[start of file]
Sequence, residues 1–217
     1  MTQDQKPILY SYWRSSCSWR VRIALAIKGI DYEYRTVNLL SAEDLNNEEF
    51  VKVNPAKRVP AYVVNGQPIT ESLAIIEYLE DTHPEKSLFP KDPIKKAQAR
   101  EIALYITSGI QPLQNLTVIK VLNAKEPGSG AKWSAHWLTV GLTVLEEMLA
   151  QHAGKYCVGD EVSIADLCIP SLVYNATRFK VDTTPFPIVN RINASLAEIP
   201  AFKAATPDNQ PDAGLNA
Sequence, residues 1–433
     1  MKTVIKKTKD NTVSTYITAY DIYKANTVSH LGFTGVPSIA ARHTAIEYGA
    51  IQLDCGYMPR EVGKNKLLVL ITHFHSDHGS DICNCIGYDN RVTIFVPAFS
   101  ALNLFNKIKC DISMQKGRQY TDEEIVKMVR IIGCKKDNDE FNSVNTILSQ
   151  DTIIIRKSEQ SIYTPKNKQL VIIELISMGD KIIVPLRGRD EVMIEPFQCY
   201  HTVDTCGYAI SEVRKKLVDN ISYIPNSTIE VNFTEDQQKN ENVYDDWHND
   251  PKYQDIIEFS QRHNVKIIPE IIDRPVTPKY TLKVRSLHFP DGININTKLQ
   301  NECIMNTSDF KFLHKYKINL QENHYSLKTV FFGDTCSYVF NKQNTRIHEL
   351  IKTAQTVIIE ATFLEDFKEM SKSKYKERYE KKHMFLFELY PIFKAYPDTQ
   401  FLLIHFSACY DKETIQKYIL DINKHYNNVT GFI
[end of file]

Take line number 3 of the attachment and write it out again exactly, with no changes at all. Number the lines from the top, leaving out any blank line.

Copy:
    51  VKVNPAKRVP AYVVNGQPIT ESLAIIEYLE DTHPEKSLFP KDPIKKAQAR